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WWII-era ship with 'mysterious story' that sank in 1940 along with its captain finally found

The mystery behind the captain of SS Arlington and his decision to go down with the ship still confuses many.

WWII-era ship with 'mysterious story' that sank in 1940 along with its captain finally found
Cover Image Source: Great Lakes Shipwreck Museum

Sunken ships hold a lot of hidden stories and increase the curiosity of those who dive deep into the oceans to discover them. Recently, a World War II-era ship that was believed to have sunken over eight decades ago was found at the bottom of Lake Superior in North America. What makes the wreck an "interesting and perhaps mysterious" discovery is that the ship's captain sank along the bulk carrier back then. It was revealed in a press release from the Great Lakes Shipwreck Historical Society (GLSHS) that on the evening of April 30, 1940, the bulk carrier named SS Arlington departed from a port in Ontario, Canada and was loaded with wheat for transport.


Unfortunately, the cargo ship was caught in the middle of a storm and the captain of the ship, Frederick "Tatey Bug" Burke, made a grave decision that still puzzles historians. Captain Burke ignored the suggestions from his first mate to opt for a safer route through the water and stay close to the shore. Instead, he ordered his people to maintain the 244-foot-long ship's course through the open waters. SS Arlington was damaged in the ongoing storm and on May 1, the ship's crew woke up early to a loud alarm rang by the chief engineer and realized that the cargo carrier was sinking.

Without waiting for orders from Captain Burke, the ship's crew started fleeing the bulk carrier and safely boarded a nearby ship called Collingwood. Everyone left the wreck, except the captain himself. Those present there observed SS Arlington getting engulfed by the restless water and Captain Burke was spotted near the ship's pilothouse as he waved at the Collingwood. The executive director of the museum, Bruce Lynn, had a chat with The New York Times and theorized that maybe the captain was waving because he had fallen sick. "The stereotype is that the captain goes down with the ship," Lynn told the outlet. "But there was plenty of time for that captain to get out of his pilothouse and be part of that crew that was going to be rescued."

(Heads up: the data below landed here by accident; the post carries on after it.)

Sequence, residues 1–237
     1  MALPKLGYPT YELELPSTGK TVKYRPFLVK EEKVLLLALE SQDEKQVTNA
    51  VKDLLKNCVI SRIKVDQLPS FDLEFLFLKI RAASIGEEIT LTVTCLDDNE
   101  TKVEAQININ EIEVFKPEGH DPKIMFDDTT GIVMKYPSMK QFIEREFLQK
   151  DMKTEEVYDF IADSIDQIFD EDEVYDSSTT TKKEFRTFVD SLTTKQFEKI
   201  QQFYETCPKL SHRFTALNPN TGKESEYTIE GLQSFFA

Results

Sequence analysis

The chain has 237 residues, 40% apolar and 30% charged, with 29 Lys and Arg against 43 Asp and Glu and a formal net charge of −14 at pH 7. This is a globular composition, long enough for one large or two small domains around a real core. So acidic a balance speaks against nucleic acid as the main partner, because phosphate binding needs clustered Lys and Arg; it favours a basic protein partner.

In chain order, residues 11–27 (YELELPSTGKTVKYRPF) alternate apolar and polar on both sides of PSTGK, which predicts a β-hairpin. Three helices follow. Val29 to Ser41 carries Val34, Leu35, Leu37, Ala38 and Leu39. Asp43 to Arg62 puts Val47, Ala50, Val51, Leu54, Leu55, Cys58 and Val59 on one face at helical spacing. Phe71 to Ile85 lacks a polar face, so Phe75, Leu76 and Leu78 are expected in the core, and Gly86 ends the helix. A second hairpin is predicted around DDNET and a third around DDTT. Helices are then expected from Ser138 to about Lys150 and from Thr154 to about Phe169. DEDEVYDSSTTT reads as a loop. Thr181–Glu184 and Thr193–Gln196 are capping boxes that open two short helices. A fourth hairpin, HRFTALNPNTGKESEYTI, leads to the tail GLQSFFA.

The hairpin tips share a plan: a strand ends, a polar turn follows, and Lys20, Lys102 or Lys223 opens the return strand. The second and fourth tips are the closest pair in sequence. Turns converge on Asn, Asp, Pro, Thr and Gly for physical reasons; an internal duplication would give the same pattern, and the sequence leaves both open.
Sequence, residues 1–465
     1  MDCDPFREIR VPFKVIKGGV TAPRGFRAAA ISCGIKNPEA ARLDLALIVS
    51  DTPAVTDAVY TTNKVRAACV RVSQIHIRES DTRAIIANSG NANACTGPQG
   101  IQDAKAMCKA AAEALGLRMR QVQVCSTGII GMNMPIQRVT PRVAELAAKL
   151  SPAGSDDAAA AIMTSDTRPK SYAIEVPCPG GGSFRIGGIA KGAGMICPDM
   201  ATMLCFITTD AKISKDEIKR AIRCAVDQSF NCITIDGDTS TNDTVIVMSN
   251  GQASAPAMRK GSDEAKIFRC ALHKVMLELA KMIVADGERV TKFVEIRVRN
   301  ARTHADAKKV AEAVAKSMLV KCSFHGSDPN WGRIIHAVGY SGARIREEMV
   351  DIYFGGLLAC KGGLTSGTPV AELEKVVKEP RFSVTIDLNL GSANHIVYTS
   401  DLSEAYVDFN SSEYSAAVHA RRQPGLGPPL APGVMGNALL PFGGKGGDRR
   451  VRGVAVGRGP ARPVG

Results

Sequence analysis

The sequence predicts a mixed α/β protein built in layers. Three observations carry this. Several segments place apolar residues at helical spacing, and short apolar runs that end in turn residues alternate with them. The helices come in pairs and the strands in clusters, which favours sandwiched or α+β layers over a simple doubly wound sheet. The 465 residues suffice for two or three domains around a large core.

The historical society has not been able to provide any clear explanation for Captain Burke's off behavior before SS Arlington mishap. 84 years later, the wreckage has been finally discovered and it might provide people with some answers. The remains of the bulk carrier were discovered 650 feet below the lake's surface and almost 35 miles north of Michigan's Keweenaw Peninsula, announced the historical society, as well as shipwreck researcher Dan Fountain. Talking about the critical discovery, Lynn said: "These targets don’t always amount to anything…but this time it absolutely was a shipwreck. A wreck with an interesting and perhaps mysterious story. Had Dan not reached out to us, we might never have located the Arlington…and we certainly wouldn’t know as much about her story as we do today.”


Fountain has been looking into the wreckages in Lake Superior for several years and this time, he discovered a "particularly deep anomaly," after which he contacted the museum. Last year, he joined hands with the historical society's director of marine operations, Darryl Ertel, and the crew of research vessel the David Boyd to use sonar over the area and they determined it was yet another shipwreck. Shortly after, they identified the remains of the wreck as that of the SS Arlington. Fountain claimed that it was "exciting to solve just one more of Lake Superior's many mysteries." "Finding Arlington so far out in the lake, I hope this final chapter in her story can provide some measure of closure to the family of Captain Burke," he added.


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